Do you need to make the introductions between a cat and a dog? That's not always easy and can even be risky. In addition to this article by Mary Anne Miller, we also suggest reading:
How to Safely Introduce a Cat and a Dog
Introducing Cats To Dogs
Introducing a cat to a dog is not always a cut-and-dried system. There are several factors you need to consider. The most important factor is the breed of dog that you are working with. If your dog is a cross-breed and the two breeds are not compatible within themselves, you will have a genetically confused dog. This can make for a bit of a problem when you want to introduce Fido to another cat. If you are not Alpha over your dog, then he does not respect you, he will not listen to you, and introductions to another cat should wait. Here are some more tips:
When you are introducing a cat to a dog, there are several factors to consider.
Dogs are pack animals. They respond to other dogs differently. Don't make the mistake of thinking because he is accepting of other dogs in Obedience Class, that he will respond to a cat favorably right away.
- You cannot control the cat.
- Your focus should be on controlling the dog.
- You need to consider the breed of dog you are working with.
- The dog should be obedience-trained, and respect you.
- A puppy will become overly excited, and could hurt the cat unintentionally.
- When it goes right, you praise, praise, praise. If it goes wrong NEVER punish!
If you have a purebred dog, be sure to research how this breed gets along with other pets. For example; an Afghan hound is a hunter. If an Afghan sees a cat outside, it will chase the cat. But inside the home, it will not. Cocker Spaniels, Beagles, Bassett Hounds and Dachshunds are good with other pets. Do your homework on this issue.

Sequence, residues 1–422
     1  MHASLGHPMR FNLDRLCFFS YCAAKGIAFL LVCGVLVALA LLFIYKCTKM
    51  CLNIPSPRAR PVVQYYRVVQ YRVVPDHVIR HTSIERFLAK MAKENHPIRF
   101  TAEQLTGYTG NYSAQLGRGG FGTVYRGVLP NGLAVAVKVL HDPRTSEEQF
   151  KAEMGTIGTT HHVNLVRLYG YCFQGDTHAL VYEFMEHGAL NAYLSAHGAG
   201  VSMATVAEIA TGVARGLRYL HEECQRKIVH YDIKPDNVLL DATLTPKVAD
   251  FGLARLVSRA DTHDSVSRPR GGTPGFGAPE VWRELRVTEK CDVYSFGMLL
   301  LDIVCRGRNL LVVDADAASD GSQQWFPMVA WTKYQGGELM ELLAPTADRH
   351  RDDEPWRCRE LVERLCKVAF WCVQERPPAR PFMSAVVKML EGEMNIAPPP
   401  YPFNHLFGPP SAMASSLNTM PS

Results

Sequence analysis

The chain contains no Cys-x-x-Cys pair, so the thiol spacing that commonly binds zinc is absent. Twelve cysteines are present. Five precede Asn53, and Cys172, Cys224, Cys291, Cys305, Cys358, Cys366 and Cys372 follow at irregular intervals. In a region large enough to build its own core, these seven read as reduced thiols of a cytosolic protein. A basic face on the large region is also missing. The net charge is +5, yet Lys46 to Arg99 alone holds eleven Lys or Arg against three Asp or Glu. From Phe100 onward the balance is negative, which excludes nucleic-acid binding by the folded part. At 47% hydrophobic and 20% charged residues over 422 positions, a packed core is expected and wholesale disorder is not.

Obedience classes are a must. If your dog has not been through an obedience course, do not attempt introductions. Here are a few tips to get you through that stage -
- Keep your cat isolated from your dog.
- Make a safe and secure room for the cat.
- Swap scents; using an old blanket or towel, give the item to your cat. Let her play on it, sleep on it, eat on it. Rub her with this blanket and then leave it in her room for 24 hours.
- Remove the blanket and present it to your dog. Rub him all over with it, let him roll on it, sniff it, sleep on it for 24 hours, then switch and do the same thing again. This blends their scents, making them a bit more at ease with each other.
- Use a soft plush dog toy, give it to the dog first, let him play with it, slobber on it and then toss the toy into the room with the cat. Just leave that toy there.
Obedience course completed?
You are now ready for the first meeting.
Take the dog for an extended walk. Use a harness in addition to a collar and short leash, not a retractable lead. You have minimal control with a retractable lead, and you do not have your dog's attention when using this.
Bring his favorite toy and find a safe place where he can run and play fetch. You want him tired but relaxed.
Return home and put him in one of your largest rooms. Put him in one end of the room, farthest from the door, on a down- and- stay command.
Keep your hand on the leash so you have control of him.
Have a second person bring the cat into the room, and set the cat down in the opposite end of the room. Make sure the dog stays calm.
The cat will react in various ways upon seeing the dog. The cat can spit, hiss and run out of the room, or dive for cover. She could attack. If she runs at the dog, bring the dog into a sit position quickly. This should stop her attack.
She may just walk carefully over to the dog to check him out. As long as you have that lead attached to that harness and the dog's respect you have control.
Keep your emotions down for both animals will feed on your emotions.
Only allow them a five-to ten minute first exposure initially.
Herd your cat out of the room as she will be scared. Don't pick her up. Herd her into her safe room turn the lights down, turn on some classical music low (to help soothe her). Shut the door and leave her be. Don't mess with her, or you could get bit. It is helpful to have feliway spray available, you can spray the room to help the cat stay calm.